French commuters ran head-on into a local political stand-off on Tuesday after feuding towns redirected road markings to leave two busy one-way streets facing off against each other.
The Paris suburb of Levallois-Perret and its conservative council lies next door to middle-class and Socialist-run Clichy-la-Garenne.
Daily, thousands of motorists pass between the two, heading into and out of the capital.
This week, after deciding that the D909 route brought too much congestion to his town, Levallois mayor Patrick Balkany declared his portion of it a one-way street, speeding traffic into neighbouring Clichy.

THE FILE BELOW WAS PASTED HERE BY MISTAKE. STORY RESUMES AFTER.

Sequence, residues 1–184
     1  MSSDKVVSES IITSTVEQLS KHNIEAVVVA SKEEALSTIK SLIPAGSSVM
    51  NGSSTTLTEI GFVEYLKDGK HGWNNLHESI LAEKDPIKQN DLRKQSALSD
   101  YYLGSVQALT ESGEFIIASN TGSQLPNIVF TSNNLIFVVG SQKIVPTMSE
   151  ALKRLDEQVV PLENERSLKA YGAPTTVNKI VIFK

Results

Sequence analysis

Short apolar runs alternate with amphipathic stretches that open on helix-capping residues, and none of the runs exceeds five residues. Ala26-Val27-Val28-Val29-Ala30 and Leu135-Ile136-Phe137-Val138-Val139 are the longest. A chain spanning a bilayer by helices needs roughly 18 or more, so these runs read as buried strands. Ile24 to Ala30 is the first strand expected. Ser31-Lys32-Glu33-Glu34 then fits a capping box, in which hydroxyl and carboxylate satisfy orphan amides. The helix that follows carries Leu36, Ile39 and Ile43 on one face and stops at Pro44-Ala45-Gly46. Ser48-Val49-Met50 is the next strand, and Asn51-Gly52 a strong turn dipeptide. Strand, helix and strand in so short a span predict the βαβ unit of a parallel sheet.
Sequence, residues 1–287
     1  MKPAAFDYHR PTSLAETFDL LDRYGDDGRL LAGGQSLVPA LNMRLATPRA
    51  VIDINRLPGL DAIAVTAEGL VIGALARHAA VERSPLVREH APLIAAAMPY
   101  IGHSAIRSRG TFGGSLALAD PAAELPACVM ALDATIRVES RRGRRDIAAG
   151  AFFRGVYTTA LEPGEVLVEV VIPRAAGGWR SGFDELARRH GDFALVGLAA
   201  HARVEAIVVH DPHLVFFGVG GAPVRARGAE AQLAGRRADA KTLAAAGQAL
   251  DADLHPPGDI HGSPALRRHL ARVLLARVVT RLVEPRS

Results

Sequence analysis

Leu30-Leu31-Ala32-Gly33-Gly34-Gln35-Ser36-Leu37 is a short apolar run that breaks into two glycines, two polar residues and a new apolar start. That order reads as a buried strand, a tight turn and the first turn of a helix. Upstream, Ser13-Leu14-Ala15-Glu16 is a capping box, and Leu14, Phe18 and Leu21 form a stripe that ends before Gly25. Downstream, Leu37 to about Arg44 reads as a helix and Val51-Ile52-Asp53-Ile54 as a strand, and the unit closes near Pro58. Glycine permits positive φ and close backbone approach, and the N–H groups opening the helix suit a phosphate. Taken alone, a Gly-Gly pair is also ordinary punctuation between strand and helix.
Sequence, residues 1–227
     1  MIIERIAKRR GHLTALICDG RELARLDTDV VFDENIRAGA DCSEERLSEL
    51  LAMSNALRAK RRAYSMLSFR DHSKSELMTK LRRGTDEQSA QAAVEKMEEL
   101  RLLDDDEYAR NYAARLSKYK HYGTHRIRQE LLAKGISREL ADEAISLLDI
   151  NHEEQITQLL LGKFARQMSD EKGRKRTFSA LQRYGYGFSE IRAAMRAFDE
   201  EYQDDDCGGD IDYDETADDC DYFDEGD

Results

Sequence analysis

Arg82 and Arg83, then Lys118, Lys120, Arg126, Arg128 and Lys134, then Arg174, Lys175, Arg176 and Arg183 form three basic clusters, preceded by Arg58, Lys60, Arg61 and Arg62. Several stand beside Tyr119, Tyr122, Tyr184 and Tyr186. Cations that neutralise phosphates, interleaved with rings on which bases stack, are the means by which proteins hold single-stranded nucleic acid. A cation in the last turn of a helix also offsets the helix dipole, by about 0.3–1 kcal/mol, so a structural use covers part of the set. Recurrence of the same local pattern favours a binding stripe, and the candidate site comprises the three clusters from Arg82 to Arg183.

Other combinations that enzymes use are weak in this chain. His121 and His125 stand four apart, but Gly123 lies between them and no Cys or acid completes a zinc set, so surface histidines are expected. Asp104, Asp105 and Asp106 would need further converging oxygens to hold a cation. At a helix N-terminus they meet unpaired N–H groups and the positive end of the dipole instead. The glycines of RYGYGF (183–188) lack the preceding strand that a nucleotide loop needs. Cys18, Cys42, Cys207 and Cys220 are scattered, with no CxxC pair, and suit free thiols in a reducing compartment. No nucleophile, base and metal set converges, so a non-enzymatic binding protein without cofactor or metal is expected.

Balkany’s Clichy counterpart, Gilles Catoire, was not amused, and promptly issued a decree of his own, declaring his section of the D909 one-way as well, only this time in the opposite direction.
Chaos naturally ensued, and on Tuesday both municipal and national police were deployed to direct traffic away from the gridlock on the towns’ borders and onto narrow suburban routes unsuited to high volumes of commuter traffic.